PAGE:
More than a game
The Wild went into the weekend in second place in the Frontier Division with a 29-3-1 record. Gillette hosted the first-place Helena Big Horns on Friday and will play the second game of the weekend series Saturday night at home.
Gillette is in the middle of its best season in the team’s 11-year history. Wins — and an eventual NA3HL title — are front and center for the Wild players and coaching staff with just a month and a half left of the regular season.
Even with winning on the forefront, the organization is never too busy to take a step back and support one of its own community members.
“Anytime you can help a kid — or anytime you can help anyone really — through an especially tough time or a challenging time, we’re going to do whatever the heck we can to be there for them,” second-year head coach Ethan Hayes said. “In situations like this we have to do what’s right, and what’s right is doing whatever we can do for him.”
Gunner’s memorable night continued after meeting the Wild players in the locker room. Before the game started, the team invited Gunner out to center ice for a ceremonial puck drop in front of the home fans.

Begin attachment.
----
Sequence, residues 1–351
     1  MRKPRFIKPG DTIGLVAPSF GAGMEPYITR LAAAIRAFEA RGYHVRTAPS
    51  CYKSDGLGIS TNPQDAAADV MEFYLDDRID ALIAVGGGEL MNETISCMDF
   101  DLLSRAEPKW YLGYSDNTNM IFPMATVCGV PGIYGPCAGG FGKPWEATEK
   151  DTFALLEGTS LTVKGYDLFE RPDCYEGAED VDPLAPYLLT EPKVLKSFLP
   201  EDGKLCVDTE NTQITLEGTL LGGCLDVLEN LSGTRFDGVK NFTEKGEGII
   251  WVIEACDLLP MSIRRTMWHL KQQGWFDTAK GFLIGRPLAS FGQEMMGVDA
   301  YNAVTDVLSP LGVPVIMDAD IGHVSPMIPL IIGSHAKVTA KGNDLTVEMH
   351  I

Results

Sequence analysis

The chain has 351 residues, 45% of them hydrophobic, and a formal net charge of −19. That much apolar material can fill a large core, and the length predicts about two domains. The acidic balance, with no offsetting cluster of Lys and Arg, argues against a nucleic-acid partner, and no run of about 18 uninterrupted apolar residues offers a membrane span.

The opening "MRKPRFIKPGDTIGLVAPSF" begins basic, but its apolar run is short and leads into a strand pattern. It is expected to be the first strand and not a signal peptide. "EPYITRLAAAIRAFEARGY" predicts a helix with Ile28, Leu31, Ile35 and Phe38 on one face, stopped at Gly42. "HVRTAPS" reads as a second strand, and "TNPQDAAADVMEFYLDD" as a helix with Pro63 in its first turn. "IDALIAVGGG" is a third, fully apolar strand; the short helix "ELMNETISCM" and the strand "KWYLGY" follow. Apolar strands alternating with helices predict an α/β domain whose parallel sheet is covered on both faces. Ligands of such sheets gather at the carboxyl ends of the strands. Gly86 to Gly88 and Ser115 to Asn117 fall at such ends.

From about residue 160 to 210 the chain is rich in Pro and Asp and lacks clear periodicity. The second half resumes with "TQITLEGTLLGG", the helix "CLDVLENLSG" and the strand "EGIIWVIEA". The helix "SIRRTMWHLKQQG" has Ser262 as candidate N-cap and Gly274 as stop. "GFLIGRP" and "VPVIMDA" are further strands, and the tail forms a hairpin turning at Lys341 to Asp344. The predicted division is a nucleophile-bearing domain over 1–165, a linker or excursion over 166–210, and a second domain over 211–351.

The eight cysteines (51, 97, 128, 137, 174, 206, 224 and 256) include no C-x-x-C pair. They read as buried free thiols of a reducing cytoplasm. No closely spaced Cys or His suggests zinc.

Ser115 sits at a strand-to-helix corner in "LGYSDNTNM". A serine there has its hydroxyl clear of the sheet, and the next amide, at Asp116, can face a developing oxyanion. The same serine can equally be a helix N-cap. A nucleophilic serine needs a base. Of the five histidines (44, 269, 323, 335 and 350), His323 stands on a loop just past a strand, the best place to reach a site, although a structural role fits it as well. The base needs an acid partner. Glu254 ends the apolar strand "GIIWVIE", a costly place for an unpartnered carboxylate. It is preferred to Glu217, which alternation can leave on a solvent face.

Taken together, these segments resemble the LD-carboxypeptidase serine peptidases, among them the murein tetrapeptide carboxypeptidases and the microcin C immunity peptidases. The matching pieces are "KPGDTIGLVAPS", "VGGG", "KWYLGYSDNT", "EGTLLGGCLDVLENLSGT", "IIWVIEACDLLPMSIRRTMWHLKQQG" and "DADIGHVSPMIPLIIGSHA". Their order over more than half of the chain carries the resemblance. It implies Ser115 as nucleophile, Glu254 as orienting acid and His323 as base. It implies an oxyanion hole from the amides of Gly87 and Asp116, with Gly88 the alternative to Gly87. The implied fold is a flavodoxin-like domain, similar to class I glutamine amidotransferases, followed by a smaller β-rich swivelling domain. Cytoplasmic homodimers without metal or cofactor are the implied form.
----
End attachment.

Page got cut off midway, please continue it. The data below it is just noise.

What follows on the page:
After shaking hands with Sheridan’s captain, Gunner was escorted back to the Wild’s bench by Gillette captain Declan Young. Hayes made sure to retrieve the puck back from the referee and had the entire Wild team sign it before giving it back to Gunner after the game to take home.
“It actually meant a lot to him,” Sarah said. “He’s a very shy kid when he doesn’t know people but after the game he would not stop talking. He just kept going for hours and eventually I had to say, ‘Kid, go to bed.’”
Getting a response to her letter to the Wild was surprising in and of itself. But seeing how much the organization as well as the individual players were willing to do to make sure Gunner enjoyed the special night was something Sarah will never forget.
It’s also a night Gunner won’t forget, either.
“I think I’ve probably worn out my thank yous to them,” Sarah said. “I never thought in a million years that anything would have come of me writing them a letter.”